Inside baseball (metaphor)

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The phrase "inside baseball" is a term used mainly in the United States.[1] It usually refers to a detail-oriented approach to the minutiae of a subject, which in turn requires such a specific knowledge about what is being discussed that the nuances are not understood or appreciated by outsiders.[2]

The term is typically applied to discussions of science, technology, entertainment, business, law, politics, or related subjects of which the public has some general knowledge, but whose inner workings do not need to be known in order to understand the concept as a whole. For example, a film critic may write a movie review using insider jargon, or information which regular movie goers would have little knowledge of or even interest in (such as citing the director's previous themes expressed in their movies in relation to the one being reviewed, because of the director's fascination with a particular school of filmmaking).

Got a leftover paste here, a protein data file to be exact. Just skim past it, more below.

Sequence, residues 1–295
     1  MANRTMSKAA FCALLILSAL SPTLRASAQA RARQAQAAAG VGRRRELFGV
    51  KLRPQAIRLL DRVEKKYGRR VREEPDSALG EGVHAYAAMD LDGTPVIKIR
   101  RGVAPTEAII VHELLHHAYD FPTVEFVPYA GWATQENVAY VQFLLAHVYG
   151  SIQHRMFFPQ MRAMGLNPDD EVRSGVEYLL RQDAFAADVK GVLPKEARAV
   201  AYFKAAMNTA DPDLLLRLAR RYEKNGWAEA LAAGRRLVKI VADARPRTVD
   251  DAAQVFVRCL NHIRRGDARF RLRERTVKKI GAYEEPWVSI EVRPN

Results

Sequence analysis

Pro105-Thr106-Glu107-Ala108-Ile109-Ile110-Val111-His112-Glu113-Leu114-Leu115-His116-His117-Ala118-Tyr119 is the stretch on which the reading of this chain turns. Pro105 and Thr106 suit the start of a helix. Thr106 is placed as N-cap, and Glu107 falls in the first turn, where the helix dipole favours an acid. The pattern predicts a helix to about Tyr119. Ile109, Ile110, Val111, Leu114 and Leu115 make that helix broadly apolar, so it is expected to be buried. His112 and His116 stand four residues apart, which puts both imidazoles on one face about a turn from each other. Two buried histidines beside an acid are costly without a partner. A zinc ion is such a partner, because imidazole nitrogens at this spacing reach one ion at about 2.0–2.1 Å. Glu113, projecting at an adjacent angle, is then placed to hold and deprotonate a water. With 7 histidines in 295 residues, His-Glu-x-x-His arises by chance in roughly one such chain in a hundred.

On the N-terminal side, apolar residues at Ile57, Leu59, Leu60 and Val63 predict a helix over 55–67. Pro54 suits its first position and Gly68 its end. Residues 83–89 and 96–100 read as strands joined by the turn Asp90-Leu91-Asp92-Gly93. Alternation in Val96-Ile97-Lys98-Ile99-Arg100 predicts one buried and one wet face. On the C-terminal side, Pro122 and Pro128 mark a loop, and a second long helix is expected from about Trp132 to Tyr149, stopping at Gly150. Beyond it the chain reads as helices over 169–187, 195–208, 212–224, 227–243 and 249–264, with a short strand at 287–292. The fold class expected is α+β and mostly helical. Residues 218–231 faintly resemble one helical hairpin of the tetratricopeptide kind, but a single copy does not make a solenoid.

Its derivation is from the inside baseball style of baseball play that emphasizes using smaller less risky tactics rather than more risky efforts.[2] Such as style of play is less visible to the untrained eye and less interesting to the observer.

References[edit]

  1. ^ Grant Barrett, The Oxford Dictionary of American Political Slang. Oxford University Press, 2006. ISBN 0195304470. p 5-6. Accessed 21 January 2016
  2. ^ a b Safire, William (June 19, 1988). "On Language; Inside Baseball". New York Times Magazine. New York Times. Retrieved 28 February 2012.